Mary Coleman has been a beautiful voice in the lives of women for decades, her daughters being the first recipients of her wisdom. I met Mary seven years ago when she led a Bible study on foundations of faith. I learned so much that summer that I kept coming back for more—studies on self-care and motherhood, guilt and perfectionism. She has become a mentor over the years, a true Titus 2 woman teaching the younger generations what is good. Mary has encouraged me and believed in me, wrestled alongside me and challenged me. Over time, she has spoken some truths to me on race and my own biases. Words I was not willing to hear in the moment, but have since become so grateful for her candor. Mary is the Director of Development at City of Promise, a non-profit organization dedicated to building a cradle-to-college-and-career pathway for children of underserved neighborhoods in Charlottesville. I hope you’ll hear a bit of Mary’s heart through her words today, and ponder the areas in which you can refine and grow. Welcome, Mary!
by Mary Coleman
This summer I watched joyfully as two of my children pledged their lives and love in marriage here in Virginia. Michael married Hannah in June under sunny skies and a Blue Ridge Mountain backdrop. Six weeks later, Sara married Ryan inside her university chapel where evening light streamed through stained glass windows.
Each ceremony was unique, a reflection of each couples’ style and partnership. Hannah and Michael enjoy hiking together, so their engagement photos were taken atop a mountain peak. The outdoor nuptials and reception fit them well and they were graced with a blazing sunset.
Sara and Ryan met in Richmond where Ryan proposed in a park downtown. The traditional setting for their ceremony, combined with a warehouse art gallery reception, was a fantastic mix of classic style and urban chic.
Each reception included standard traditions like the first dance, cake cutting, and a music-filled reception. Yet these weddings were also exceptional for the summer of 2017 when hate found its voice in Virginia.
My black children chose white spouses. Their white lovers chose black spouses.
Take that, hate.
In the aftermath of Charlottesville, parents at every stage of raising kids want to know how they can ensure their children won’t ever be among torch-bearing haters who march the grounds of a college campus. No one wants their child’s photo going viral because she was screaming anti-Semitic slurs, or because he threw urine into a crowd, or because they murdered and maimed in the name of superiority over others.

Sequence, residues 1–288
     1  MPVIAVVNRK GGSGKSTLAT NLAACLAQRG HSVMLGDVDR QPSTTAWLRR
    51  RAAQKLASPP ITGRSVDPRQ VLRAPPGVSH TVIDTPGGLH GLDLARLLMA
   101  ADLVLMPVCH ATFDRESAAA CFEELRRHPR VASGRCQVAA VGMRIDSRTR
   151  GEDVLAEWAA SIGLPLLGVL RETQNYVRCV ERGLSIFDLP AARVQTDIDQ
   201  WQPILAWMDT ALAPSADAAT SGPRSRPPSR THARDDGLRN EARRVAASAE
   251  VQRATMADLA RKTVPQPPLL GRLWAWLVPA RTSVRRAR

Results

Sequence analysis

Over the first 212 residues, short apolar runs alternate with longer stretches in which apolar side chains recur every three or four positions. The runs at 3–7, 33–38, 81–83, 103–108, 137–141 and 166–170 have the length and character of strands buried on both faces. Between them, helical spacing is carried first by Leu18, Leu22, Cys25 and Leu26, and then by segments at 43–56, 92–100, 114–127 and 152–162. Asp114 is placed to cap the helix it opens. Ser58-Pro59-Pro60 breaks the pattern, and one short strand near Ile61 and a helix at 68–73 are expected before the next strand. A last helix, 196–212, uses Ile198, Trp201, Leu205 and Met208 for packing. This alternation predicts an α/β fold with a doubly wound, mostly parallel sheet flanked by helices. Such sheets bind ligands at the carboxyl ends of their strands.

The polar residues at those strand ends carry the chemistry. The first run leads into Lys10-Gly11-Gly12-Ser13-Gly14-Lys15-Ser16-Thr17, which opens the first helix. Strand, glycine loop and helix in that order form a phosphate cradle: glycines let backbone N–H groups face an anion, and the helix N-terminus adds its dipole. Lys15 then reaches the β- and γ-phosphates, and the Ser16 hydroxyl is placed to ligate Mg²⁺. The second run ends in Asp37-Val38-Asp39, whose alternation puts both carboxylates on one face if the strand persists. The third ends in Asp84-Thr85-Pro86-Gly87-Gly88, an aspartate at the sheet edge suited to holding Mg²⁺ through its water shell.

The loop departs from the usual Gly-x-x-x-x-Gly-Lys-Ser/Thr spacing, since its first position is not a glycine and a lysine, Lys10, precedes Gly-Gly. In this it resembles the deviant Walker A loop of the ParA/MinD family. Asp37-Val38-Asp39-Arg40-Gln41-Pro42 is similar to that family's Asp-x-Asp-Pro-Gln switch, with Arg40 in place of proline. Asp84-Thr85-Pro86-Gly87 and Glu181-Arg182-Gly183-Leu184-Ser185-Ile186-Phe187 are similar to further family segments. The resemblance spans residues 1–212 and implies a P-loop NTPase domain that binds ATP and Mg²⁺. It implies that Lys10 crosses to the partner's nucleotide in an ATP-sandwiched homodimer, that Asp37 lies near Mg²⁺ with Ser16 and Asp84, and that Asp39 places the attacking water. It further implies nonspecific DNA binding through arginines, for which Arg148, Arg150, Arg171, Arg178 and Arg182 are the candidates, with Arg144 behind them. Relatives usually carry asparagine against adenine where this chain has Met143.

Yet we should also want more for our children than just the avoidance of hate. Yes, more.
We should want our children to marry a black, or a white, an immigrant, or a Jew. We should want our children to fall in love freely without regard to race or color. And that begins with us.
Few of us will impact the nation, but we can certainly impact our neighborhoods by introducing our family to civic engagement. Since August 12th, many parents in Charlottesville have attended unity events with their children and discussed long-standing racial disparities in the city.
Every parent can ensure their child’s school library is stocked with diverse reading material and can check the history syllabus for balance in how America’s past is taught.
Every family can adopt a local cause and spend a year volunteering.
The non-profit I work for serves a predominantly African American neighborhood, and we’ve received an incredible infusion of funds since August 12th, thanks to citizens who realize that it takes a village to cure social ills.
Our children need to live outside themselves to realize this truth.
Aside from these practical ways to teach our children how to love, there are very personal ones tied to the company we keep. Our social media photos say a lot about whether our family friendships are truly diverse or whether we live homogeneous lives. Where we live and where we worship; the schools our children attend, and the bonds they are forming there; who joins us on vacation, who attends sleepovers, and who’s invited to Thanksgiving dinner all make the strongest possible statements to our children about the nature of love.
It’s vibrant, deep relationships with people who are different—not mere acquaintances—that keep biases from taking root.
We owe it to our children to broaden our inner circles and theirs.
Quite simply, our children will learn to love their neighbors by watching how we love ours.
And if we do it right, those neighbors might just become family one summer and the voice of hate will be silenced by the voice of love.